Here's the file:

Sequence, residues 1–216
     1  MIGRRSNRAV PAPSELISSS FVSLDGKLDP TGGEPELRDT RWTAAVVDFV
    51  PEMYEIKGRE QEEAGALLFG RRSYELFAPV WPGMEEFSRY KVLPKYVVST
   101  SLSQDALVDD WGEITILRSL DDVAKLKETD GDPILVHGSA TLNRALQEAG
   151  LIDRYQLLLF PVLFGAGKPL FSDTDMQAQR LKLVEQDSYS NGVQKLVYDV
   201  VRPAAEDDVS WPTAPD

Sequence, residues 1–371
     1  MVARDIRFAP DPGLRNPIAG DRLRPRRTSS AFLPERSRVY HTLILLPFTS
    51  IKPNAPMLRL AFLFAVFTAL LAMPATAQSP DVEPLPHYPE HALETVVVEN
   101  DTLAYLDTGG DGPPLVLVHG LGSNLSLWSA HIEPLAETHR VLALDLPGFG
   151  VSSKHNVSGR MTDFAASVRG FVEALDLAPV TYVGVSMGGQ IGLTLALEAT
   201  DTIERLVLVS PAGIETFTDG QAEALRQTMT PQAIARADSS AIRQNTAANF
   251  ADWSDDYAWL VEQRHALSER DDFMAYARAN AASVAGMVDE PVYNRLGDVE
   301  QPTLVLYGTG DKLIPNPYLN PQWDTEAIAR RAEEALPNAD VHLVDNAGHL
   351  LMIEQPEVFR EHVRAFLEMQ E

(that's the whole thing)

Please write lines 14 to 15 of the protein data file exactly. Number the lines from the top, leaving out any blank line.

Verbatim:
   301  QPTLVLYGTG DKLIPNPYLN PQWDTEAIAR RAEEALPNAD VHLVDNAGHL
   351  LMIEQPEVFR EHVRAFLEMQ E